Portuguese / Spanish / English

Trump: Saudi-US relations 'strongest ever'

US President Donald Trump (R) poses for a photo with Crown Prince Mohammed bin Salman Al Saud (L) in Washington, US on 20 March 2018 [Bandar Algaloud/Saudi Kingdom Council/ Anadolu Agency]
US President Donald Trump (R) poses for a photo with Crown Prince Mohammed bin Salman Al Saud (L) in Washington, US on 20 March 2018 [Bandar Algaloud/Saudi Kingdom Council/ Anadolu Agency]

Saudi Crown Prince Mohamed Bin Salman began his three week tour of the US with a reception at the White House with US President Donald Trump yesterday. The 32-year-old was lavished with praise as the two leaders discussed pressing issues including the Iran nuclear deal, security across the Middle East, the blockade on Qatar and the war in Yemen.

But it was the arms deal that was the centrepiece of conversation between the two leaders as they posed in front of cameras. Arms sales to the Kingdom is a major component of the $200 billion investment package agreed last year during Trump's visit to Riyadh.

Trump surprised everyone by holding up a chart of an array of military arsenal approved for sale to Riyadh. Hardware ranged from ships to missile defence to planes and fighting vehicles. Holding up the large board with pictures of approved sales, Trump went through the cost of each military hardware and joked "that's peanuts for you we should have charged you more".

Read: US lawmaker calls to halt military support for Saudi Arabia

Both leaders were keen to emphasise that relations between the two countries was deep, strong and mutually beneficial. Speaking in English, Bin Salman said: "We are the oldest ally of the US in the Middle East." While Trump observed that the "relationship is probably the strongest it's ever been. We understand each other. Saudi Arabia is a very wealthy nation, and they're going to give the United States some of that wealth hopefully, in the form of jobs, in the form of the purchase of the finest military equipment anywhere in the world."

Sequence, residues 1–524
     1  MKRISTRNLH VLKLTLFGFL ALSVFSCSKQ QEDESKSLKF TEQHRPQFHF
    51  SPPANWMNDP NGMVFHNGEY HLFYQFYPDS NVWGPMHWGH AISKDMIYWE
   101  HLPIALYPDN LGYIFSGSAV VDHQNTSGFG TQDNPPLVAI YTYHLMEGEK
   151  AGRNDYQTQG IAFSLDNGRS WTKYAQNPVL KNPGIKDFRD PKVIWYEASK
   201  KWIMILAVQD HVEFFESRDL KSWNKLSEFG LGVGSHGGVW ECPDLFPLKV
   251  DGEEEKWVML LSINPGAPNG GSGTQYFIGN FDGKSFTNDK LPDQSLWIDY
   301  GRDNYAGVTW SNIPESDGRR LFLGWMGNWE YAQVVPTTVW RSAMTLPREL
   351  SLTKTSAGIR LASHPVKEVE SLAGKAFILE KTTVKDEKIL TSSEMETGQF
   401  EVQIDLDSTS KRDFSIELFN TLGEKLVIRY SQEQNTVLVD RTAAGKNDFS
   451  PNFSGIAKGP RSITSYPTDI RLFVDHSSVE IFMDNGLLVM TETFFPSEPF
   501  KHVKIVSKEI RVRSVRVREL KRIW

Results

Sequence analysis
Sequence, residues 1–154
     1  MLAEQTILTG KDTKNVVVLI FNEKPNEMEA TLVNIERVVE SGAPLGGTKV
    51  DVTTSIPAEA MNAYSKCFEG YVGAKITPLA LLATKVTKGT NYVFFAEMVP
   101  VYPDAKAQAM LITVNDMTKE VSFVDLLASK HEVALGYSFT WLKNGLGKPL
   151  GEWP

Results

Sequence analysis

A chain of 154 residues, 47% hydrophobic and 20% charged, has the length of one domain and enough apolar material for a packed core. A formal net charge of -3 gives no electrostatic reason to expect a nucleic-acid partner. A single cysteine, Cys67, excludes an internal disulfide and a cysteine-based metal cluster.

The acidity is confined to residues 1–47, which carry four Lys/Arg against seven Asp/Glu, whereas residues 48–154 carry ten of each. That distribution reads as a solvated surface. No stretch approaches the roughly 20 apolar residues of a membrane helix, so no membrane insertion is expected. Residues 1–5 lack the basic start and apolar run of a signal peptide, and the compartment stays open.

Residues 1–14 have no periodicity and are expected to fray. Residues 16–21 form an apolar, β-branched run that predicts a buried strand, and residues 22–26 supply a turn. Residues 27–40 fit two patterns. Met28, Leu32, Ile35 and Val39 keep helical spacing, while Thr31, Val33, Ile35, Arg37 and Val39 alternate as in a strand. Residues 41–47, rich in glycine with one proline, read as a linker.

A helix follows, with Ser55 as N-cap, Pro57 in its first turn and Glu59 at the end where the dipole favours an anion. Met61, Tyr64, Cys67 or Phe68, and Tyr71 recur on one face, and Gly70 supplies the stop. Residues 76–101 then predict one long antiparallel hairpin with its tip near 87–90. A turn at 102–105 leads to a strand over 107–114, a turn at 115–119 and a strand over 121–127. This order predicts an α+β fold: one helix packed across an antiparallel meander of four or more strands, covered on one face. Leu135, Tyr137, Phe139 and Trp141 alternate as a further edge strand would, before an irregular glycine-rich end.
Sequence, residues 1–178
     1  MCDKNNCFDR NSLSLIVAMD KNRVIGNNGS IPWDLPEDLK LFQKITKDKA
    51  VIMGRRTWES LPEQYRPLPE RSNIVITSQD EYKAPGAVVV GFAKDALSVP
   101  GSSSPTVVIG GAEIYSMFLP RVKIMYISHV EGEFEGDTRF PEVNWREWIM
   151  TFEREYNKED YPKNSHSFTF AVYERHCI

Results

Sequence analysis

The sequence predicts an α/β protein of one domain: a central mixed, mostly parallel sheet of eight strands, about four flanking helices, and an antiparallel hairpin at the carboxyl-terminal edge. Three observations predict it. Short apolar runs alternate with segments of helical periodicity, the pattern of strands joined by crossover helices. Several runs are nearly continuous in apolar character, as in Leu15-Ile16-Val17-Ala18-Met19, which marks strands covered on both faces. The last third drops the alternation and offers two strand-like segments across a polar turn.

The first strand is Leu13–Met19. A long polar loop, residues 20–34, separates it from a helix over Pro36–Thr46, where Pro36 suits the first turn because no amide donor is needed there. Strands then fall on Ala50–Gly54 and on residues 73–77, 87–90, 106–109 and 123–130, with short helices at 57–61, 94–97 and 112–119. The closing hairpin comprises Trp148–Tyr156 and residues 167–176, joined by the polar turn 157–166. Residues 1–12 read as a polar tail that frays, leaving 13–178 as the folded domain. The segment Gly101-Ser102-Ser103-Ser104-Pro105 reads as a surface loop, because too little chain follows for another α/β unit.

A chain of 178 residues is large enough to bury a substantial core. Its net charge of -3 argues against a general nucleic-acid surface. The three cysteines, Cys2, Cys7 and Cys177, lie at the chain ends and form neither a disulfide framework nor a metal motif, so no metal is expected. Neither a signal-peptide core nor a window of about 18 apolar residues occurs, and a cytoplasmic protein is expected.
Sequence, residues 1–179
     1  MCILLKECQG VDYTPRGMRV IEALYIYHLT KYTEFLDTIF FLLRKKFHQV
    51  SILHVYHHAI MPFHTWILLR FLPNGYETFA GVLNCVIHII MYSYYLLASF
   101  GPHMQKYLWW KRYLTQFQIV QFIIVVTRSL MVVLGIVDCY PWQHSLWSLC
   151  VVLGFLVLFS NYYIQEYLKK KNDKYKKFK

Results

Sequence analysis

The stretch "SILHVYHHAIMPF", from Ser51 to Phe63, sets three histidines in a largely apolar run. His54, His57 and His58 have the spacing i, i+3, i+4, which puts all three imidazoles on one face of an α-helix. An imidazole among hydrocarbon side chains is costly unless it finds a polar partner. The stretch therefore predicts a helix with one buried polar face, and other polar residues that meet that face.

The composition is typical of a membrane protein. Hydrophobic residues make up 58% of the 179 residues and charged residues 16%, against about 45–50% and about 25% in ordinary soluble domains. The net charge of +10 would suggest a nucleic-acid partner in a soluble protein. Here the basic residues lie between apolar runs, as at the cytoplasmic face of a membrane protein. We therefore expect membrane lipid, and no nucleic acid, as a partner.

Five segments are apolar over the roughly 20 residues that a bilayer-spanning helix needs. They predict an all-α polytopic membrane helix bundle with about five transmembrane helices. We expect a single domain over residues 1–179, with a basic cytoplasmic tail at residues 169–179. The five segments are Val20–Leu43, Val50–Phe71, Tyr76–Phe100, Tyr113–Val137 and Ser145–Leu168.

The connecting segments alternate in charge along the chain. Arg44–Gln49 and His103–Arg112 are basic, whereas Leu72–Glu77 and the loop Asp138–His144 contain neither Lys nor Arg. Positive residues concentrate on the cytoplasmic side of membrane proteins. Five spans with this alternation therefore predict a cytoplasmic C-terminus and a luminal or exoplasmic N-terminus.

Prior to his visit it was reported that Bin Salman was going to Washington to push Trump to adopt a harder line on Iran. Trump displayed his characteristic bellicose tone telling everyone in the Oval Office that the Iran nuclear deal, negotiated by his predecessor Barack Obama, was the "worst deal ever".

However there was little clue as to what he will do in May when the deal comes up for recertification. "The Iran deal is coming up soon and you will see what will happen," Trump said, adding: "Iran hasn't been treating that part of the world, or the world appropriately."

The Saudi-led blockade on Qatar was not discussed in the Oval Office in front of reporters but it was reported that behind closed doors Trump urged Bin Salman to settle the festering issue that pits Saudi Arabia and the United Arab Emirates against Qatar.

Read: US Senate backs Saudi Arabia's war in Yemen

Prior to the meeting in the Oval Office a senior White House official was reported by the Financial Times saying that "the president believes that Gulf unity is critical in the region". The official went on to add that while Trump was initially willing to let Gulf allies deal with the dispute, he had become "much more concerned" about the detrimental impact of the dispute to US interests in the region.

The FT revealed that that the Qatar schism would be a key point of discussion at yesterday's working lunch between the two men and that the goal of the discussion would be to heal the rift and set up mechanisms to ensure future disputes do not become as costly.

During yesterday's dinner with Jared Kushner, the president's son-in-law and senior adviser; Jason D. Greenblatt, Trump's special envoy for Middle East peace; and Michael Bell, the senior director for the Middle East at the National Security Council, Trump is said to have briefed Bin Salman on the status of their peace plan for the Israelis and Palestinians, which is reported to be nearing completion.

With his first pit stop out of the way, Bin Salman plans to travel to New York, Boston, Silicon Valley, Los Angeles and Houston, visiting companies that include Apple, Google and security and aerospace company Lockheed Martin.

Read: Report finds French arms sales to Saudi and UAE could breach international law

Asia & AmericasMiddle EastNewsSaudi ArabiaUS
Show Comments
Writing Palestine - Celebrating the tenth year of the Palestine Book Awards - Buy your copy of the book now
Show Comments